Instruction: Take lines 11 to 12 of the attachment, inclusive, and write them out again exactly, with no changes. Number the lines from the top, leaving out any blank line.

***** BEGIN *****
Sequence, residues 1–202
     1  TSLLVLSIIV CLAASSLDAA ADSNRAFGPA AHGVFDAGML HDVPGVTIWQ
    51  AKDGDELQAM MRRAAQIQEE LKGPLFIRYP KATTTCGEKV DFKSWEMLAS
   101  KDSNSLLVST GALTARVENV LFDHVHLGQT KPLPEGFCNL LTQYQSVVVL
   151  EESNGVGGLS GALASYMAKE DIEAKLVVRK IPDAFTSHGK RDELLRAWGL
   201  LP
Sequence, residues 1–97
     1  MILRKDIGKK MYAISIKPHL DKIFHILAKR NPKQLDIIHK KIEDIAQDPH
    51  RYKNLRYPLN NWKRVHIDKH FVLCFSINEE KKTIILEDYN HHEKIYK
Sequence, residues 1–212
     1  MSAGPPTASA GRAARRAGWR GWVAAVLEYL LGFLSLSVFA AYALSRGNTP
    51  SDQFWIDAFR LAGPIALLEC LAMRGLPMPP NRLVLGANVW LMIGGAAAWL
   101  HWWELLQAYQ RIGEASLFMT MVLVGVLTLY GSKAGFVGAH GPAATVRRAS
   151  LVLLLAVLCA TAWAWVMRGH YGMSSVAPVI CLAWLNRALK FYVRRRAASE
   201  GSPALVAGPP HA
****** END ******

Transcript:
     1  MSAGPPTASA GRAARRAGWR GWVAAVLEYL LGFLSLSVFA AYALSRGNTP
    51  SDQFWIDAFR LAGPIALLEC LAMRGLPMPP NRLVLGANVW LMIGGAAAWL